“No, Citizen Nurse.”
“Then get back to work before someone calls the DOE.”
The Department of Equalization was too busy to worry about one daydreaming janitor, but Rue couldn’t take the chance that her previous infractions would amount to enough of a reason to become noticeable to the them. She slapped her mop onto the already wet floor, raining pink droplets across the nurse’s shoes.
“Sorry,” she mumbled, but the woman was already headed off to torment some other person—most likely a patient. She watched the thin figure stride along the hall, focused on something ahead of her and nothing at all.
After three changes of water and two mop heads, the floor was as clean as it ever was—the white tiles tinged slightly pink, the grout tinged faintly brown. The pink would turn brown eventually, too. In Rue’s world, the absence of substance wasn’t black. It was a dim shade of dingy brown.
The emergency doors opened several times through her cleaning, each time regurgitating another wrecked person into the hospital’s gullet. Each person swallowed whole. Most who came through those doors left through the back. Where they went from there, Rue knew but she didn’t like to think about. Those who survived the excellent treatment they received, staggered home only to return another day with another malady.
While she slapped her mop on the dingy floor and ground her teeth in utter impotence.
At the end of the day, after hours of pointless mopping while she ignored the screams around her, Rue slunk out the employee exit and around to the back. She slipped through an impossibly thin crevice between two oddly shaped brick additions into a courtyard, long overgrown. Some nights, she lay on the ground and looked up at the dearth of stars. Tonight she was too tired to partake in even that small wonder.
As the rest of her world slumbered in their assigned housing, eating their assigned rations, Rue popped open one loose basement window and pulled herself back into the space she hated during the day. As impotent as she felt from daybreak to nightfall, she felt twice as effective in the dark. In the dark, no one saw the janitor from dayshift. No one wondered why she slipped into patients’ rooms, adjusting the charts with a deft hand. No one knew how many small mercies she accomplished in the hours before exhaustion took her. Even she had lost count.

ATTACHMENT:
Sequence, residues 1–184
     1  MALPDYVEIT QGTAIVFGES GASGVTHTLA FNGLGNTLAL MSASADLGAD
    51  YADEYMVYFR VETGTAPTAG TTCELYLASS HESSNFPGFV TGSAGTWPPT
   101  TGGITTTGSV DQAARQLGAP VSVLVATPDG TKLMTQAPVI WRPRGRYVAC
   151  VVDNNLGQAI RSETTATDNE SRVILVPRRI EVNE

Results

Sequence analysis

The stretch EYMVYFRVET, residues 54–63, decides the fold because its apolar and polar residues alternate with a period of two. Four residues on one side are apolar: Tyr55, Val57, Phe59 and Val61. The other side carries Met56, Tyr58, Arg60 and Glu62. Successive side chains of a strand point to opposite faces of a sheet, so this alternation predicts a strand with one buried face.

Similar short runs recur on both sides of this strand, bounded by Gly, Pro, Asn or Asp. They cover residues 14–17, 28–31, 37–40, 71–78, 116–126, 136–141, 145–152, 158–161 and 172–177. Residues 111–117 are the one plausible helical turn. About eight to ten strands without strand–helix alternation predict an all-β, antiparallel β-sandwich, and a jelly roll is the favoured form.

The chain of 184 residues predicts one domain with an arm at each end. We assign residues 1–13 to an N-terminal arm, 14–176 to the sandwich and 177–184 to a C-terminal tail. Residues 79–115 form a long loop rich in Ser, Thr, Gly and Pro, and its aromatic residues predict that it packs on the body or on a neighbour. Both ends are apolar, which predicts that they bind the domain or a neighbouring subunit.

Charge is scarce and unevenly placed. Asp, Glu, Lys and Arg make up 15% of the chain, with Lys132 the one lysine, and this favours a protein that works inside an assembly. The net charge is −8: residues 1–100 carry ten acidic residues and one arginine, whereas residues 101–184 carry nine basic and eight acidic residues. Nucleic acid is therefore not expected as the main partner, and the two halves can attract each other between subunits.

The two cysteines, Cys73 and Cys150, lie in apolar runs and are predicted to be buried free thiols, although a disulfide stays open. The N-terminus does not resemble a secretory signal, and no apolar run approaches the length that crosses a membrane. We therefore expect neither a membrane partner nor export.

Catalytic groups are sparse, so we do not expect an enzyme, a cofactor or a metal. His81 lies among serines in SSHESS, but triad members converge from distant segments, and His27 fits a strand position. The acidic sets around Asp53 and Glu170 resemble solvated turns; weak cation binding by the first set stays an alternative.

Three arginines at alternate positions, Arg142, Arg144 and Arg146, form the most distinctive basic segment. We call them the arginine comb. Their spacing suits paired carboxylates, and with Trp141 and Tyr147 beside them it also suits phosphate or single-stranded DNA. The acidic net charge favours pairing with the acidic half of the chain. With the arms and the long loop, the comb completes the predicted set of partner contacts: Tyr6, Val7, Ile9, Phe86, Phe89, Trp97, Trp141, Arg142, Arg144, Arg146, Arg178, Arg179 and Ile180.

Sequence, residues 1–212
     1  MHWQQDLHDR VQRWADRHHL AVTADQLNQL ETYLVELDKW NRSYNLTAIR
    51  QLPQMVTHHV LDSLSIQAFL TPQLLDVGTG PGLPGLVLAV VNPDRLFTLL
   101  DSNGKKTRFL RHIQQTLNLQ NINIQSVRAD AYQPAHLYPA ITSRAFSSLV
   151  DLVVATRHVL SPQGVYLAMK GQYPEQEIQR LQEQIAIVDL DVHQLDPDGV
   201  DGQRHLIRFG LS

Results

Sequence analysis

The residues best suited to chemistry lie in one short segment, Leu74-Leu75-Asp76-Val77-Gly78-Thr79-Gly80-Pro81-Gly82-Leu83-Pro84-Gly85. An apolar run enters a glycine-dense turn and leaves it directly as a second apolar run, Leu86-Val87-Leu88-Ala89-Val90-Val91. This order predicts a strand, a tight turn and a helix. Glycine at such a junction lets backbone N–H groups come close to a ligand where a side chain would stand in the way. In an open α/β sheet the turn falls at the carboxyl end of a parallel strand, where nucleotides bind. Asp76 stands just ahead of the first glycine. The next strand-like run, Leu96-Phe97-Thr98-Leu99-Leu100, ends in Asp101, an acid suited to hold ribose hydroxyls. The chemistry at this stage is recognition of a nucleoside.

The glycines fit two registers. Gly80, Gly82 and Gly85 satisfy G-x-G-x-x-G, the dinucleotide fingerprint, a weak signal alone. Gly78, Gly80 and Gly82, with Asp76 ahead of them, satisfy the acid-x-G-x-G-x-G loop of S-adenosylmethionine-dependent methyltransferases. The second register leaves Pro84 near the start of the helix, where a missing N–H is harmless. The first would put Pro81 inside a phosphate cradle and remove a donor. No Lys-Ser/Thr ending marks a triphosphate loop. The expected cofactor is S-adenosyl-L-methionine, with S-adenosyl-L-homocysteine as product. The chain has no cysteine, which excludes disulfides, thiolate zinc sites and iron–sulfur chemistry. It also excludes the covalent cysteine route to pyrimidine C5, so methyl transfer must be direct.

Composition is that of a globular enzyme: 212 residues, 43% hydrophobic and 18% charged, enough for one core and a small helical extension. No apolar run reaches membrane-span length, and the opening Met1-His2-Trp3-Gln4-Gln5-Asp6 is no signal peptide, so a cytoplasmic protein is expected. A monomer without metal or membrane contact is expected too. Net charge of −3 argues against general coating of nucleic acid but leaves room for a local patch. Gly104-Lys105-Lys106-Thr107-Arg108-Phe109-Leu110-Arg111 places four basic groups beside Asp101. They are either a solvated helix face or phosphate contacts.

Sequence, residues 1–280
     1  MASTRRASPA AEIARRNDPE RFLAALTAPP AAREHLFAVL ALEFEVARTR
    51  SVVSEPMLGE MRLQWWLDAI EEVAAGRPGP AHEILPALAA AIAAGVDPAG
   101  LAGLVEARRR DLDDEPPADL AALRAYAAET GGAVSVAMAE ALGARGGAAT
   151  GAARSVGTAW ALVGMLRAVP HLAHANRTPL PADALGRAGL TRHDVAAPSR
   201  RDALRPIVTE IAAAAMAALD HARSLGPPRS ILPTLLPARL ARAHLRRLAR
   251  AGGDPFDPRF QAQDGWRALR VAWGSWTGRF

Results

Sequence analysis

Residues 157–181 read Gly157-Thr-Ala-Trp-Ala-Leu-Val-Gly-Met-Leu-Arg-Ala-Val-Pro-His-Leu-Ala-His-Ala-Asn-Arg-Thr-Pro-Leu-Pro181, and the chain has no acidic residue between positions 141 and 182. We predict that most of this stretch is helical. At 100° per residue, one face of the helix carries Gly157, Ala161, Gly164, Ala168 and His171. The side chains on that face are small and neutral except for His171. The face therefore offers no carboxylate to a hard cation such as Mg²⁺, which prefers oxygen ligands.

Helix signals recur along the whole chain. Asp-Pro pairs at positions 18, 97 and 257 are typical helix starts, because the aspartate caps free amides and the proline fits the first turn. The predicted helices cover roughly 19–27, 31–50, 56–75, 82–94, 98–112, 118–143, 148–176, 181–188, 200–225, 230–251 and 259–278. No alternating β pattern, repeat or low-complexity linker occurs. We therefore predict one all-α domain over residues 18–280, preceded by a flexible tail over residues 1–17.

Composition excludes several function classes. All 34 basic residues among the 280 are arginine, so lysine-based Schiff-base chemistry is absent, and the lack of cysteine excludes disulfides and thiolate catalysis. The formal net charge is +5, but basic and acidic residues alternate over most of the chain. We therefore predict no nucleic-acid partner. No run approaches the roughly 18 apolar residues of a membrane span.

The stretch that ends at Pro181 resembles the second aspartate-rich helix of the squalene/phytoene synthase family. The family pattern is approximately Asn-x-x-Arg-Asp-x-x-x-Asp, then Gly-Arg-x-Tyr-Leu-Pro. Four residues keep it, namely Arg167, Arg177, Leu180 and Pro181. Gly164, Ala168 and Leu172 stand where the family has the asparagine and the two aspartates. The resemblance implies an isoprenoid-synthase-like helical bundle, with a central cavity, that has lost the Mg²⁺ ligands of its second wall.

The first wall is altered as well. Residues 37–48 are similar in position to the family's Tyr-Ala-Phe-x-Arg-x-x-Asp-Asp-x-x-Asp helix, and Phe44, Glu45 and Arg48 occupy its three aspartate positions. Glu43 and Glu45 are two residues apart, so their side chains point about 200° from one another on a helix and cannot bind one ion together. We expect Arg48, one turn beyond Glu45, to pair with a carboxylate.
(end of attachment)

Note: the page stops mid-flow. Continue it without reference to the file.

No one knew because she had lost count, and because no one ever thought one small Citizen would chance being caught out as Unequal.
As Rue pulled on a pair of scrubs she’d stolen from the hospital laundry, she smiled for the first time all day. Tonight she would check on the mother on the third floor and her baby on the fifth. Neither one had been expected to live through their first night. This night made their fourth night, and if everything went well, they would be released before another evening passed.
Clipping on the false identification she created in a different corner of the basement, she stepped toward the elevator she didn’t dare use during the day. No more ‘Citizen Janitor Logan’. Now Rue was ‘Citizen Doctor Mason’ and, as Equal as all men were, she still received a measure of respect not afforded to a janitor.
She took the elevator up to the lobby floor like always. And like always, she expected to step forth and blend into the crowd. Every other night, she would step off the elevator, cross to the cafeteria and buy a coffee. Beverage in hand, she would take the elevator once more, but this time heading upwards like any respected Citizen would expect.
The doors opened and she took a step forward. The chest she ran into was a surprise, but nothing she couldn’t overcome. She mumbled an apology and pretended to look at her watch. Nothing out of the ordinary.
“Slumming, Citizen Doctor?” said a voice. “I didn’t know patients could be found in the basement.”
Rue kept her eyes focused on a point behind the nurse’s head, but the woman may have already recognized her from earlier. “Pressed the wrong floor,” she said, letting the words slip out as tersely as she heard any other doctor speak. “Now, if you’ll excuse me, I have rounds.”
The nurse cleared her throat and stepped aside. “I was only making a jest,” she said as she stepped aside. “Run along if you think you’re so much better.”